The United Autoworkers strike against General Motors is now in its fifth week. By some estimates workers have lost more than six hundred million in wages. Now, the UAW has announced they've reached a tentative agreement with GM.
This comes after calls by some analysts, raising alarms that states like Michigan with a highly concentrated auto industry are hemorrhaging money.
Patrick Anderson is the CEO of Anderson Economic group in East Lansing. His firm has been releasing estimates on how much GM and workers are losing.
He said late Tuesday if the strike isn’t resolved in forty-eight hours, it’s time for Washington to intervene using the Taft-Hartley Act to force workers back on the job.
“To do something that encourages these people to get back to work and get our economy back moving again. Because it’s simply costing people in Michigan and Ohio and other states like that, that have auto employment too much money, too many jobs.”
Anderson detailed his concerns in a letter to Michigan Representatives Fred Upton (MI-06) and Debbie Dingell (MI-12), asking the lawmakers to make an appeal to President Donald Trump.
He gave the example of a smaller strike where Taft-Hartley was used as federal intervention, when President George W. Bush forcibly ended the shutdown of West Coast ports in 2002.
Anderson said while the right to resolve the strike ultimately rests with labor leadership and top UAW brass, as well as top negotiators from GM the clock is ticking as Michigan inches toward what he’s projecting could be a “one-state recession.”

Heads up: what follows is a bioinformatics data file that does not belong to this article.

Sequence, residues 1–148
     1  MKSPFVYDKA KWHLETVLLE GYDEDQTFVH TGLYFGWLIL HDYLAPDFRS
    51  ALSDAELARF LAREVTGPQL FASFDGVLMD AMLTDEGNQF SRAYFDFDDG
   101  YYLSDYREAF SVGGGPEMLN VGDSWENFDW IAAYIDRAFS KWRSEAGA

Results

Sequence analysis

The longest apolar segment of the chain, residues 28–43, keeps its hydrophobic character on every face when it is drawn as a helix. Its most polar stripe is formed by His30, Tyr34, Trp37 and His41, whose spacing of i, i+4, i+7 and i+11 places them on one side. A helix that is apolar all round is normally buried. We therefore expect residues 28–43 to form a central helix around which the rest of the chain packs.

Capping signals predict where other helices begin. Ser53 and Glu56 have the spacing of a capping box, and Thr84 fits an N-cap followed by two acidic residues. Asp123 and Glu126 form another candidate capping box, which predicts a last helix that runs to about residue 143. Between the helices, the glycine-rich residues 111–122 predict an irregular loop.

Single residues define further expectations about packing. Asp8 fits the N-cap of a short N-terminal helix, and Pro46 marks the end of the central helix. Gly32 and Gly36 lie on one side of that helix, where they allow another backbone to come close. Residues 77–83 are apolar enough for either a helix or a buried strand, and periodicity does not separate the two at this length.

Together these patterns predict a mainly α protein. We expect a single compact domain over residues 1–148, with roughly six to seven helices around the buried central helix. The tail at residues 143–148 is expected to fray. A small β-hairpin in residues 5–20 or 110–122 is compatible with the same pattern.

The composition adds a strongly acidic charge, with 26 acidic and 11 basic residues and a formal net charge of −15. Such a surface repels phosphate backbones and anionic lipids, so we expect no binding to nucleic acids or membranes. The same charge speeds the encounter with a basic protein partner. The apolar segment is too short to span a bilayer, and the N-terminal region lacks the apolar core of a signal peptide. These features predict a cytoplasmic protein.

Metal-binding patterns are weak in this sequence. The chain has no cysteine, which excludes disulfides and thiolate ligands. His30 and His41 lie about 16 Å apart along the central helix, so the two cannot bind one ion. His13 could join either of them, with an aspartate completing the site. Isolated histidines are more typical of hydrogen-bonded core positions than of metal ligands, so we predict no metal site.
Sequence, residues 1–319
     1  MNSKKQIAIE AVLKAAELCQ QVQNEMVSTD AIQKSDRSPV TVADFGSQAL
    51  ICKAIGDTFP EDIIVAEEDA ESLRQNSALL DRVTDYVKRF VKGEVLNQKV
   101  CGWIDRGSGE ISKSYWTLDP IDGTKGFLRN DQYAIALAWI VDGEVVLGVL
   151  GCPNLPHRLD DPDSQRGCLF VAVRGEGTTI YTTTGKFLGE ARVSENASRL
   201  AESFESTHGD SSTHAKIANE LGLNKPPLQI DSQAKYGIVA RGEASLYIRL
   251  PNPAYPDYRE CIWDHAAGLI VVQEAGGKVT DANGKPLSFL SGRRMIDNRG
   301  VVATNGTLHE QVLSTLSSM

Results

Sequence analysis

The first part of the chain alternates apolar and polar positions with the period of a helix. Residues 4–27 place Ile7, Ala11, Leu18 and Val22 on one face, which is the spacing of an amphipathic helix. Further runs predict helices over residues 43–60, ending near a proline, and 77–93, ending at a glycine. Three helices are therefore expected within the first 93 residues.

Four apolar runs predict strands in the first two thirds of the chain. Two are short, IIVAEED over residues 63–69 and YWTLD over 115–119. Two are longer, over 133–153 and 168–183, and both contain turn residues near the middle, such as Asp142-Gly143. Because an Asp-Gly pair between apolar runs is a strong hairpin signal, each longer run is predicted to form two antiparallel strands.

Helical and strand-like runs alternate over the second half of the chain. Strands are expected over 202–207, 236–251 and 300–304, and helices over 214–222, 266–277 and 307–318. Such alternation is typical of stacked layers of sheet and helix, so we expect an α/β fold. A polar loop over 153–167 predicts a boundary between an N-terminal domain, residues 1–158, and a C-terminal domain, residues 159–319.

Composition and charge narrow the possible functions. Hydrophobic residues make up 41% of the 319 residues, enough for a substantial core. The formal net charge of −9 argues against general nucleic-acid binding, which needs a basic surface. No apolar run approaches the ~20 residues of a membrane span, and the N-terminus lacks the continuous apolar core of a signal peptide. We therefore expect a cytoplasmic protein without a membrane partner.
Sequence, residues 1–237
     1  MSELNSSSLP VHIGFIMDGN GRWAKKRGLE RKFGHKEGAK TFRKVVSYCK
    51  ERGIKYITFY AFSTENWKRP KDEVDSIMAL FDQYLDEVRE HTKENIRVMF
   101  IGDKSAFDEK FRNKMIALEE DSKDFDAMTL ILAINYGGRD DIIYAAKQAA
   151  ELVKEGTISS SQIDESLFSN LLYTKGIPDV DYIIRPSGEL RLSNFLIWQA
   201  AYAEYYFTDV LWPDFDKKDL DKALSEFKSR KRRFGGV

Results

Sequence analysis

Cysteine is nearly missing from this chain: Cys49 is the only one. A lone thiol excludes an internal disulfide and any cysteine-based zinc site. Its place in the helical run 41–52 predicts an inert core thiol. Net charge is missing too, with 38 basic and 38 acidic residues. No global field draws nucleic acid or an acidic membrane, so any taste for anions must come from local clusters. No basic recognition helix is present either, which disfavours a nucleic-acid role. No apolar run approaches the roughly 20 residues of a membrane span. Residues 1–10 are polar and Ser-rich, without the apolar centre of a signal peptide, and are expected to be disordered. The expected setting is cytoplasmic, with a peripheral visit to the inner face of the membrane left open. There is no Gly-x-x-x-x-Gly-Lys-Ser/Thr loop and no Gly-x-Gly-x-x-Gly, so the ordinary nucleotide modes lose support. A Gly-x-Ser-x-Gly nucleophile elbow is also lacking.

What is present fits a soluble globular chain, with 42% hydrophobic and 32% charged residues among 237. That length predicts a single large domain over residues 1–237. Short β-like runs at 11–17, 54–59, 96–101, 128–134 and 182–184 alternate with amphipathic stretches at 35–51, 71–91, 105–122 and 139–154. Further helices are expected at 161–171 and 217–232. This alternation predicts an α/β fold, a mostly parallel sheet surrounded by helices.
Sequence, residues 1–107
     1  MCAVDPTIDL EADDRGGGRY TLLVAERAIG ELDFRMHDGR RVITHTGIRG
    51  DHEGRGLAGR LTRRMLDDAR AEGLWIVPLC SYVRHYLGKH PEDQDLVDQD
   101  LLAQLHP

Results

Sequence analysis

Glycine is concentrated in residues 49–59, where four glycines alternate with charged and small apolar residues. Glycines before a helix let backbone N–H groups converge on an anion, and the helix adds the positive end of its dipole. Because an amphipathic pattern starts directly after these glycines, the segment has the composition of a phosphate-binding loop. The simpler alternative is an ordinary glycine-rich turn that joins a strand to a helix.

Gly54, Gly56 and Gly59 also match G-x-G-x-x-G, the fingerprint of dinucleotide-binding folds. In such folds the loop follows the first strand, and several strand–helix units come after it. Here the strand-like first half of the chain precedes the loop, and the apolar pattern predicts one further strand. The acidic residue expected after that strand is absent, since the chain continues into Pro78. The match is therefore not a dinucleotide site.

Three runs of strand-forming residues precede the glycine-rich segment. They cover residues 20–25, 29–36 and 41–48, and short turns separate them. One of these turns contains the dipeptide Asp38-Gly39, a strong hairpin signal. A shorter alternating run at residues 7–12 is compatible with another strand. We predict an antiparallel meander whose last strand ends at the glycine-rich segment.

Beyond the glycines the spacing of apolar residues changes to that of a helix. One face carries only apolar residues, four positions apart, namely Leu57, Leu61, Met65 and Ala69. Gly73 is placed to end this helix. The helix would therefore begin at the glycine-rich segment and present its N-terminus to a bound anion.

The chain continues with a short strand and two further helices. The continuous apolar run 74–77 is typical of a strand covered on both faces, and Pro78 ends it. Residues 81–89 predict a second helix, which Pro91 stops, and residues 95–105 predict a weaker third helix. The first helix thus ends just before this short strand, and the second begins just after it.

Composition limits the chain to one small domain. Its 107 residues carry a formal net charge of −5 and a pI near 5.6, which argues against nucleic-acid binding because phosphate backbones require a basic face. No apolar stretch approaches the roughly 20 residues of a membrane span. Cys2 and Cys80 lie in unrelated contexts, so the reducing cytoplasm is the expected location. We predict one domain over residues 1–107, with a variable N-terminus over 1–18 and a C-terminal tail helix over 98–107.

“I think ample time was two weeks and we’re already in the fifth week. The law exists for an emergency like this. We have one. We need to consider using it if nothing happens within the next 48 hours,” he said.
According to estimates from the Anderson Economic group the strike has impacted 175,000 workers who are either furloughed or losing wages as a result of the five week long strike. Analysts estimate 17,000 of the 49,000 striking UAW workers reside in Michigan.
For now, both sides are still entrenched as losses pile up. Local union brass has been called back to Detroit early Thursday for a meeting, and GM’s CEO Mary Barra briefly participated in negotiations early this week.
“But this is a strike that has already cost six hundred million in lost wages. It already affects 175,000 workers. Under the law the president can intervene and basically force them to resolve differences that are affecting the entire economy.”
Despite news of a tentative agreement, the strike is not over. Workers will remain on strike until a contract is voted on by leadership Thursday, or until the local chapters ratify the new contract.
In a statement, the UAW’s top negotiator Terry Dittes said “Until the Council reviews and votes to approve the proposed tentative agreement the strike will continue. During the October 17 meeting, the Council will decide whether to continue the strike until ratification concludes or to stop the strike at the time of the Council’s approval of the agreement.”
The specifics of what the new contract holds will not be revealed until Thursday’s meeting according to the statement from the UAW.